Why Fat Stem Cells for Multiple Sclerosis?
Multiple sclerosis is an autoimmune disease in which the patient’s immune system begins attacking the lining of the nerves called the myelin sheath.
There are two main problems that need to be addressed in MS: a) how to stop the misdirected immune attack and b) how to repair the damage that has already been caused.
Currently available therapies are directed towards non-specifically suppressing the immune system so that ongoing nervous system destruction is prevented. The drawback being that immune suppression exposes the patient to various other pathogens.
Mesenchymal stem cells (MSC) have been demonstrated in numerous animal models and clinical trials to inhibit pathological immune responses while stimulating regeneration of damaged nerve tissue. In clinical trials, bone marrow derived MSC have passed Phase I safety studies and are currently in a number of Phase II and III efficacy studies.
Stemnow.com offers the therapy using the patient’s own fat derived cells which contain not only MSC but also several therapeutic cell populations.
Background: In healthy people, the immune response is fine-tuned so as to specifically be able to destroy foreign pathogens, while at the same time have the ability to know that it should not turn against the body. For reasons that are not completely understood, some patients developed “autoimmune” diseases in which the immune system starts attacking tissues of the body. In multiple sclerosis this is manifested through destruction of the myelin sheath that insulates nerves in the white matter of the brain. This destruction is observed by MRI in the form of plaques, and functionally is manifested by the patient experiencing the various characteristics of MS ranging from visual (e.g. optic neuritis, nystagmus, etc), motor (e.g. paresis, spasticity, etc), sensory (e.g. paraesthesia), balance (e.g. ataxia, vertigo) and cognitive (depression, cognitive dysfunction) alterations.
There are 4 main types of MS: 1) Relapse-remitting MS is the condition which the majority (about 85-90%) of MS patients are initially diagnosed with. As the name indicates, this type is characterized by relapses followed by periods of remission in which disease activity subsides. It is believed that during remission the oligodendrocytes “fix” the neurons by producing new myelin; 2) Secondary progressive MS usually occurs as a progression of the relapse remitting type at the point where remissions decrease in frequency and eventually the debilitating characteristics continually progress. On average it takes about 19 years for MS to convert from relapse-remitting to secondary progressive; 3) Primary progressive is characterized by patients presenting with MS in which no remissions are seen; and 4) In the progressive relapsing form, a continuous increase in symptoms is seen, however spikes of accelerated disease activity are interspersed in the progression of the condition.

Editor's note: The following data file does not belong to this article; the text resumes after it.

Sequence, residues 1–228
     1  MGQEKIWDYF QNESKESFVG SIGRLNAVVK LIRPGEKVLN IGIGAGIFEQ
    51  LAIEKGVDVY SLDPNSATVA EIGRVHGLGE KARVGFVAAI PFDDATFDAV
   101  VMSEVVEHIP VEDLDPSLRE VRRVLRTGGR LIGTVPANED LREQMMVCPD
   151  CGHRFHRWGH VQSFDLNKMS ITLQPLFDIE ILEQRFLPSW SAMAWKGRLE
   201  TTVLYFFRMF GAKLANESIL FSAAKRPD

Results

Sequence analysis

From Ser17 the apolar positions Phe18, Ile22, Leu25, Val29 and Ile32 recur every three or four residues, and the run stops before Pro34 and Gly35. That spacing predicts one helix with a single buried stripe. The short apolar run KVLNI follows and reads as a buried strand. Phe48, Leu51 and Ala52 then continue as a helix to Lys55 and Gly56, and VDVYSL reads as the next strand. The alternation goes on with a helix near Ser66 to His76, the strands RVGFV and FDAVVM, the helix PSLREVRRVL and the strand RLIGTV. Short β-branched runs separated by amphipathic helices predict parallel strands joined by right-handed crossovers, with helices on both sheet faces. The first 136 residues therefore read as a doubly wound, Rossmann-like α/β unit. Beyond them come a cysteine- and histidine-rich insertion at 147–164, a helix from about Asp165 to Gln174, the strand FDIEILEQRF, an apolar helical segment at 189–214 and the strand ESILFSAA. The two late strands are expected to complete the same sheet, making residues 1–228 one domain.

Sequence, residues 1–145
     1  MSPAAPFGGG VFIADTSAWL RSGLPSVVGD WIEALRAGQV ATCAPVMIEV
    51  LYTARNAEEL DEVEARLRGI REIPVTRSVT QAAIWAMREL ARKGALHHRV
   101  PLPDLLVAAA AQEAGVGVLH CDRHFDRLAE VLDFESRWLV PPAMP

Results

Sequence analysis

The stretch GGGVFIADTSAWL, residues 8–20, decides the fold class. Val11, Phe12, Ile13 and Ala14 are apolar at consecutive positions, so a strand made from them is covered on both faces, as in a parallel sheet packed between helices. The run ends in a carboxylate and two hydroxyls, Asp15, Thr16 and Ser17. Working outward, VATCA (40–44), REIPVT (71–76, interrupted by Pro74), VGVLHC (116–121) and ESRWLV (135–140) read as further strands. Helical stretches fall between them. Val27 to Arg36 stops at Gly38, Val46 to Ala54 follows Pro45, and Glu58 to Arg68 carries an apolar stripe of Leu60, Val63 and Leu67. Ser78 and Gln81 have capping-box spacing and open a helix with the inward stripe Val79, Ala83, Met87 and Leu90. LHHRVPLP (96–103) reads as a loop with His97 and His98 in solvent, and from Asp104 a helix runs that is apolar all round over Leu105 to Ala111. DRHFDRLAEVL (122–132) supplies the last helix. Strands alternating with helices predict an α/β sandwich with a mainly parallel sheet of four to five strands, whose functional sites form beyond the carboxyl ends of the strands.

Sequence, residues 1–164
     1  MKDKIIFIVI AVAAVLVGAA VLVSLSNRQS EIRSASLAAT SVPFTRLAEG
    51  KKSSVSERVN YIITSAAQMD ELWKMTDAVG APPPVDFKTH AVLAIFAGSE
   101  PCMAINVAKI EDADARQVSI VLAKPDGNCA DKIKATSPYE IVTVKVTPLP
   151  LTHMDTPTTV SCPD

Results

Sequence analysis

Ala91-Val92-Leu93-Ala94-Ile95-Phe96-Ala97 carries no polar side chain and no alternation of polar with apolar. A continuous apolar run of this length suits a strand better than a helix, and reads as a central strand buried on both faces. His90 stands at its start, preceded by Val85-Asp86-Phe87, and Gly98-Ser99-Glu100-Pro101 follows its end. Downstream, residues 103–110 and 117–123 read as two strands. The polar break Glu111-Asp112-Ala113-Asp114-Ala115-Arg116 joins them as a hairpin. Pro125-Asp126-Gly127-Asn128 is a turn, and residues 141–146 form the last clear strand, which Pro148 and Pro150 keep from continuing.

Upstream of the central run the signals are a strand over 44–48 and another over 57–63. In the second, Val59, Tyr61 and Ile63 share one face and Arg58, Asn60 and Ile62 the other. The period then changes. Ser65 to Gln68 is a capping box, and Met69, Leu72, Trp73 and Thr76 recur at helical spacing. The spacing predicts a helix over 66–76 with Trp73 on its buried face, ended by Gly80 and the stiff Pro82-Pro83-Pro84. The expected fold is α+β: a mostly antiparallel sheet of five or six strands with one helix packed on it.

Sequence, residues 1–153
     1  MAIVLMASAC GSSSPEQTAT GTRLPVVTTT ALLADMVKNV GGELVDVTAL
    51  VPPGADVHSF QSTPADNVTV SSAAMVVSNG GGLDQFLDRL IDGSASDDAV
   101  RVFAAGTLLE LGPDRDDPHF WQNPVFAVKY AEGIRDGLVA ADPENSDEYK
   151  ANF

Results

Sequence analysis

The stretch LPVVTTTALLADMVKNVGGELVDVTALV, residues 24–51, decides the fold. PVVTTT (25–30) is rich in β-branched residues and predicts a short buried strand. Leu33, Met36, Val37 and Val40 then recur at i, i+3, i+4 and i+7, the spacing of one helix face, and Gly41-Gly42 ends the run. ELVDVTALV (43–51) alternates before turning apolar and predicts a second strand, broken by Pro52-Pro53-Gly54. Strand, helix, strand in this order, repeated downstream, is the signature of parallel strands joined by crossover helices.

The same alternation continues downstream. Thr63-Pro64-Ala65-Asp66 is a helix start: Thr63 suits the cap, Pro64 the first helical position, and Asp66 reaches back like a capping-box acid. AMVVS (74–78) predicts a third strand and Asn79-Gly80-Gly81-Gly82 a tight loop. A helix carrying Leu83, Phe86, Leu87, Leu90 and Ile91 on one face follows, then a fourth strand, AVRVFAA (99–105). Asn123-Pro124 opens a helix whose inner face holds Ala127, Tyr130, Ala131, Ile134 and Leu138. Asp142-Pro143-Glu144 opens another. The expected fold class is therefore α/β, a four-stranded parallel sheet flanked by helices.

Depending on the type of MS, various treatments are routinely used. These include steroids, immune suppressants (cyclosporine, azathioprine, methotrexate), immune modulators (interferons, glatiramer acetate), and immune modulating antibodies (natalizumab). The general treatment concept is to rapidly treat relapses so as to minimize permanent damage, as well as to prevent onset of relapse or progression to more advanced forms of MS. Unfortunately long term efficacy data is not available for many of the current approaches used clinically. At present none of the MS treatment available on the market selectively inhibit the immune attack against the nervous system, nor do they stimulate regeneration of previously damaged tissue. Experimental approaches in clinical trials are trying to use a peptide vaccine to specifically inhibit anti-myelin immune responses by the company BioMS, however even if successful this approach will not induce regeneration. Other experimental approaches include the use of bone marrow stem cells in combination with chemotherapy to destroy the original immune system of the patient and subsequently attempt to restart it. Needless to say this procedure has the possibility of adverse effects. We use another type of stem cell therapy that does not involve chemotherapy or destruction of the immune system, instead it involves a “re-education” through administration of mesenchymal stem cells that concurrently inhibit pathological immunity while stimulating regeneration of damaged neural tissue.